This is the first of a monthly column, De Olho em Brasilia (Watching Brazil), authored by Andresa Porto and published by the Working Group on Intellectual Property (GTPI).
I, along with all of Brazil’s civil society, have been closely monitoring the first actions taken by Bolsonaro’s administration. Its first Provisional Measure (MPV 870) comes with great concern for the legal position and autonomy of civil society entities, required to operate effectively and without interference. Article 5, II provides legal grounds for the supervision, coordination and monitoring of international organizations and non-governmental organizations.
Another important decision was the creation of the Special Secretariat of Social Articulation, within the Secretariat of Government. It is responsible for proposing the mechanisms for social participation, cooperation and agenda with civil society. In addition, the Special Secretariat for Governmental Relations of the Civil House is yet another introduction by the new administration. It will connect the government with civil society with a role around dialogue with “ministries and other organisms and entities of the federal public administration”. This new body differs from the traditional Parliamentary Affairs Sub-Committee (Art. 18), which discusses with, and advises, the legislative houses.
In this first month of the new government, the structure and composition of the ministries are being finalized. As promised during the election campaign, many positions are being filled by figures who have no history of political activity, many of which are connected to the military, and/or to ‘Operação Lava Jato’, an ongoing corruption investigation.
Civil society will continue monitor these new steps and new positions and analyze what the implications may be for civil society and access to medicines.
Davos and Brumadinho
Bolsonaro’s first international appearance as president was at the World Economic Forum in Davos, Switzerland.
Bolsonaro used his speech at the forum to refer positively to political allies and representatives of national private banks. The feeling of distrust that this created was reinforced by the cancellation of the press conference by the government’s economic team the following day.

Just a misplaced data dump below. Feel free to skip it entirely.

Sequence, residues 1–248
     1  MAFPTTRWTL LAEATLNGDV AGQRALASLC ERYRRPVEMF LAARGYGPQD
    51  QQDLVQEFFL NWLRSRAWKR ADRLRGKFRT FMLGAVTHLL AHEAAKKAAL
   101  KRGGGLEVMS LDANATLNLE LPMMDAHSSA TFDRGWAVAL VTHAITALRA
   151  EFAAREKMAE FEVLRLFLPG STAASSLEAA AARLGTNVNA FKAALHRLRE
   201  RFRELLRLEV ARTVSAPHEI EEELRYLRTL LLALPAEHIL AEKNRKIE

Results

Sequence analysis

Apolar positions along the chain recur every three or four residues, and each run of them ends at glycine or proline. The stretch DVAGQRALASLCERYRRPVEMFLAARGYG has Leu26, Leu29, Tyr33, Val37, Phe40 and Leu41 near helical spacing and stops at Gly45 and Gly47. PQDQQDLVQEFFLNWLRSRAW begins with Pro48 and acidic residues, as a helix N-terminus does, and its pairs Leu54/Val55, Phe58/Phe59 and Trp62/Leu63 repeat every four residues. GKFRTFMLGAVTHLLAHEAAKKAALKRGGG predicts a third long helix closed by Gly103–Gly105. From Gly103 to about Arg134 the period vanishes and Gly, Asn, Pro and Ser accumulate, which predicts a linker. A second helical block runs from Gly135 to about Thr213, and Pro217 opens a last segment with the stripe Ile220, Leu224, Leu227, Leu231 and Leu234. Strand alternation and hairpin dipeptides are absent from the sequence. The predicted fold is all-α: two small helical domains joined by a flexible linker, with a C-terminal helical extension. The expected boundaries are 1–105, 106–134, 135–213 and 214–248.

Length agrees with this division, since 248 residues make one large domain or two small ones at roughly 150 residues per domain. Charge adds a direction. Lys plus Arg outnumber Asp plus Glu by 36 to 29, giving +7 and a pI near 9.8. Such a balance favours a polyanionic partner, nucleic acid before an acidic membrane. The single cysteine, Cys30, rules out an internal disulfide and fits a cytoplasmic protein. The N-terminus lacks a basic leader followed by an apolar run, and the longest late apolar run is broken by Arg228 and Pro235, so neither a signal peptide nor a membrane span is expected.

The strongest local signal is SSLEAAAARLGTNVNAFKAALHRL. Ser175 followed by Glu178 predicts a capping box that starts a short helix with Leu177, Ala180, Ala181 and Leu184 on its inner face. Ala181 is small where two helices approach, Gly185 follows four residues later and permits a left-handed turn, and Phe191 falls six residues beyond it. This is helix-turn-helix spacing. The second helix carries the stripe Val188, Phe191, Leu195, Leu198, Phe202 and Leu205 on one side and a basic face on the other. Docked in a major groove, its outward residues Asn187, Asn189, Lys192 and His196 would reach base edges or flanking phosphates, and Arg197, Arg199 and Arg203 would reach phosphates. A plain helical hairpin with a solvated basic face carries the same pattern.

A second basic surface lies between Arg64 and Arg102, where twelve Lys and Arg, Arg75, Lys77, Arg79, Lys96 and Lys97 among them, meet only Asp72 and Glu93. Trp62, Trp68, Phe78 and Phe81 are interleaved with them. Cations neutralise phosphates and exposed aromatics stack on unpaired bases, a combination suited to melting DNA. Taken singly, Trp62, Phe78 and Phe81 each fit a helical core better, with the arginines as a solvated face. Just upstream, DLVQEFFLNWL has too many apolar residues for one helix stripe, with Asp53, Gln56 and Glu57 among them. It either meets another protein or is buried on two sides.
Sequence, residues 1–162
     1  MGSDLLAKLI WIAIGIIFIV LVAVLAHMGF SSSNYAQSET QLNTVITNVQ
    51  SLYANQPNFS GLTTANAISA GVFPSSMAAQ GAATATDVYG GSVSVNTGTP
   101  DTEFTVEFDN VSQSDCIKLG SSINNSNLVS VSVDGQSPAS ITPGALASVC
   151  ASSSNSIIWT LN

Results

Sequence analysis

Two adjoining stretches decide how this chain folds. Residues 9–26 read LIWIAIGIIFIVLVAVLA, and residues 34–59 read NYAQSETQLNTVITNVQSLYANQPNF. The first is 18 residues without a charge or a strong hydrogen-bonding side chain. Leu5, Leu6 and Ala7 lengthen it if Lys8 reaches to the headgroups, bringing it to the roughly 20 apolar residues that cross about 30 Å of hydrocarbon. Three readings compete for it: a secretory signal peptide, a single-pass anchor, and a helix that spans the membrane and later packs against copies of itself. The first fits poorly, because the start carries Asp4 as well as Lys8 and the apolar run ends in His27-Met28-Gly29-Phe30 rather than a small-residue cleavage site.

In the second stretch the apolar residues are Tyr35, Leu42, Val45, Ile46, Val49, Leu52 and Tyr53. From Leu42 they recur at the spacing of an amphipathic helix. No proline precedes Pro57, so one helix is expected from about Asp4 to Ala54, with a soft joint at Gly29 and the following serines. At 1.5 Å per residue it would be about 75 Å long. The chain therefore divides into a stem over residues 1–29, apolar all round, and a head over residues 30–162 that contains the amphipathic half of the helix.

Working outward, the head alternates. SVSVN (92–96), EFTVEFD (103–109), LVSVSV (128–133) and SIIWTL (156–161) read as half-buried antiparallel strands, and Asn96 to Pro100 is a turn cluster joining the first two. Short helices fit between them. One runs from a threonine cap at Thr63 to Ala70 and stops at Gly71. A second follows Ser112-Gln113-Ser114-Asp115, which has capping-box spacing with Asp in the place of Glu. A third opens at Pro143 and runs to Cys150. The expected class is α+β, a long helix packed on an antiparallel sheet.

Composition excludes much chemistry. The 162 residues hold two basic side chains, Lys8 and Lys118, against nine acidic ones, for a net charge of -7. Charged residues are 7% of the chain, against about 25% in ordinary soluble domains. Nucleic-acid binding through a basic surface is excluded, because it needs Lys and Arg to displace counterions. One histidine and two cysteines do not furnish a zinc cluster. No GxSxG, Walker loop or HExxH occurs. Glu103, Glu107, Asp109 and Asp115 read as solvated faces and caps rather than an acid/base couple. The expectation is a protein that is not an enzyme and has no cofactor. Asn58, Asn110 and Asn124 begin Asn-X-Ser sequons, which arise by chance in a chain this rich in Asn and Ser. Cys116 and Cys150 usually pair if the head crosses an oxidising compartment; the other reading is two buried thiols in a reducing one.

The debate over Bolsonaro’s representation at the forum was interrupted by the tragedy at Vale’s Brumadinho mining dam. This loss of life demonstrates how vital a serious and responsible debate on environmental licensing and inspection is. The presidential discourse on deregulating the environmental industry could have further consequences and cannot be allowed to happen.
January was also marked by the resumption of legislative activity – including the forming of the parliamentary blocs, as well as election of the most important legislative seats being disputed.
Rodrigo Maia (DEM / RJ) and Davi Alcolumbre (DEM / AP) were elected presidents of the House of Representatives and the Federal Senate, respectively. This consolidates a favorable scenario for the Executive and the desired economic reforms, which would include cutting rights and introduce more insecurity for the workforce.
A second very important phase now is open: the composition and chairing of thematic commissions. The opposition bloc has 97 parliamentarians, far behind the bloc led by the party of the President of the Republic which has 301 members. The distribution of the chairs of the thematic committees depends on the size of the party blocs established at the beginning of the legislature. This year the largest bloc will have preference in choosing the first 10 commission presidencies.
It is expected that during the next few months, the new National Congress will be attempting to balance or align moral and economic issues, to try and maintain a good relationship between the base and the new government.
Published by GTPI